BIG boys don't cry. How often do we hear young kids being told this; encouraged to avoid displaying feelings and emotions that don't fit into the mould of 'big strong man'?

As we continue to perpetuate strict gender stereotypes, it has long begged the question whether we are doing men a disservice, implying they should bottle things up rather than confront issues and their emotions in a healthy manner.

For young boys growing up, there are assumptions made. They should show interest and partake in sports, climb trees and scrap with other boys, and should not cry or admit feeling a certain way.

Actor and comedian Robert Webb of Peep Show fame is on a mission to change all this with his new book 'How Not to Be a Boy'.

Before you despair that it's a case of another celebrity, another unnecessary autobiography, the premise does sound intriguing.

His coming-of-age memoir tells the story of his upbringing in the 1970s. The youngest son of a working-class woodcutter, he takes a retrospective examination of the impact of encouraging him as a young boy to behave in a way supposedly appropriate to his gender.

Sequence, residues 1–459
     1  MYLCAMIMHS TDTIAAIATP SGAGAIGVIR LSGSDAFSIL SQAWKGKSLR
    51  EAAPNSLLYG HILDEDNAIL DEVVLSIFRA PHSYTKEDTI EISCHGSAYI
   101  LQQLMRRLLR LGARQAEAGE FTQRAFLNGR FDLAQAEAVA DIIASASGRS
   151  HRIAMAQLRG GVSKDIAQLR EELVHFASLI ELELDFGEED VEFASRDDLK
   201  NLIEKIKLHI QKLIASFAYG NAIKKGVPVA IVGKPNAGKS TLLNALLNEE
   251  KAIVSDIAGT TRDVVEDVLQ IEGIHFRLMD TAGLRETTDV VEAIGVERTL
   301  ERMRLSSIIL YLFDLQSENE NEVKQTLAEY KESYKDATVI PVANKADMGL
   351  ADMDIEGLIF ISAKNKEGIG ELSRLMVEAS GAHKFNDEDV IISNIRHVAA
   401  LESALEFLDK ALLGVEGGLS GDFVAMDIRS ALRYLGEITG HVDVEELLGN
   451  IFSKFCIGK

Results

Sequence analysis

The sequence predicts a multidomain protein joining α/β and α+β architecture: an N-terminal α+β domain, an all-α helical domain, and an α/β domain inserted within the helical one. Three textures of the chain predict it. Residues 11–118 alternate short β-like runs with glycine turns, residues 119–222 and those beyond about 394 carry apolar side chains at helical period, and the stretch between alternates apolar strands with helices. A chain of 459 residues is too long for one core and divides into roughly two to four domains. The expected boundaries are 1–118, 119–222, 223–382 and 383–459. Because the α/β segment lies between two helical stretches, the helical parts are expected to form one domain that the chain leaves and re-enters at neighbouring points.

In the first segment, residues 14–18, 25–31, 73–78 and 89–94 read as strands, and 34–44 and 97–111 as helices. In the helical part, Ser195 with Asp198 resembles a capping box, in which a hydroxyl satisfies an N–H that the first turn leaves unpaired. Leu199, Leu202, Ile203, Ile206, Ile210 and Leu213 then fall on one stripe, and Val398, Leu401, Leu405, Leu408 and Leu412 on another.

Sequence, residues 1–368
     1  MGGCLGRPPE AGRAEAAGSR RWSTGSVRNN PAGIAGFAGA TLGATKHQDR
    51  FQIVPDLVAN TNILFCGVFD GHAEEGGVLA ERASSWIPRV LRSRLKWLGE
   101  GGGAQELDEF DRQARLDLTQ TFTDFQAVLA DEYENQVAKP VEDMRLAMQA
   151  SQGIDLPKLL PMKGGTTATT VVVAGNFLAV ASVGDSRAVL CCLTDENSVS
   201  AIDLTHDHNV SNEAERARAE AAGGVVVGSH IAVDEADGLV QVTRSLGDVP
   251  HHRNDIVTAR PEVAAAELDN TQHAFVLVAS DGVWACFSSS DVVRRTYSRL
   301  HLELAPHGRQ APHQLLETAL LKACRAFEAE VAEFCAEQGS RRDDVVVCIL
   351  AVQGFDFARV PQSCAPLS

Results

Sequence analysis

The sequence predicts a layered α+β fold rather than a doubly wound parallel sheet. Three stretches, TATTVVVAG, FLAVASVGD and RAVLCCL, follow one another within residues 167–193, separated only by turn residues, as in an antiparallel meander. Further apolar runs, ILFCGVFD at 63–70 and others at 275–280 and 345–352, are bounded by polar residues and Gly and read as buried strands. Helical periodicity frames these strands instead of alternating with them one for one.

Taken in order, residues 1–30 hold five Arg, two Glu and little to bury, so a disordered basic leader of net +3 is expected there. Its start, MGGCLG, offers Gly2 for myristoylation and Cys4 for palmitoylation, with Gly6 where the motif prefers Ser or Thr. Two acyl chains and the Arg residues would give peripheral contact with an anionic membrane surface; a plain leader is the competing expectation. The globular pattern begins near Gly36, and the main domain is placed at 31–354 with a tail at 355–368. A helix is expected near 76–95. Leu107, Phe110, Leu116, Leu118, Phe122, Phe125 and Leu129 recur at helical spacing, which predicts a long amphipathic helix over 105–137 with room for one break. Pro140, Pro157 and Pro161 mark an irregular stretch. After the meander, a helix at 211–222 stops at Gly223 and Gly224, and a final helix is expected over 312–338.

Sensitive, a writer of poetry and with a dislike for any and all sports, young Webb was no poster boy for "masculinity".

Brought up by emotionally dysfunctional parents, Webb reveals how self loathing took hold off him and had ramifications well into adulthood.

Whether it was a deliberate move or not, Webb's title reminds me of Times' journalist and writer Caitlin Moran and her 2011 book 'How to be a Woman'.

I remember picking up a copy whilst at the airport about to head off on a family trip. It was a spontaneous purchase, inevitably snared by the cover image, title and 50 per cent off sticker.

I was 21 and the idea of a tongue in cheek approach to womanhood was appealing.

It was a book I ate hungrily. Each anecdote leaving me in fits of laughter as Moran's part memoir, part rant gave a voice to some of the bizarre issues I had and was beginning to face.

With Moran's signature unabashed humour, she created a book that championed the embarrassment of growing up and navigating adulthood as a woman.

It had a profound effect on me, the ramifications of which are still felt to this day.

So it makes me think that if Robert Webb's book can speak to young men in a similar fashion, surely this is something worth celebrating.

For young boys struggling to fit into boisterous crowds and told not to cry, it's an important lesson and reassurance to know that our differences are what make us unique.

A good cry can be rejuvenating and good for the soul, why should men miss out?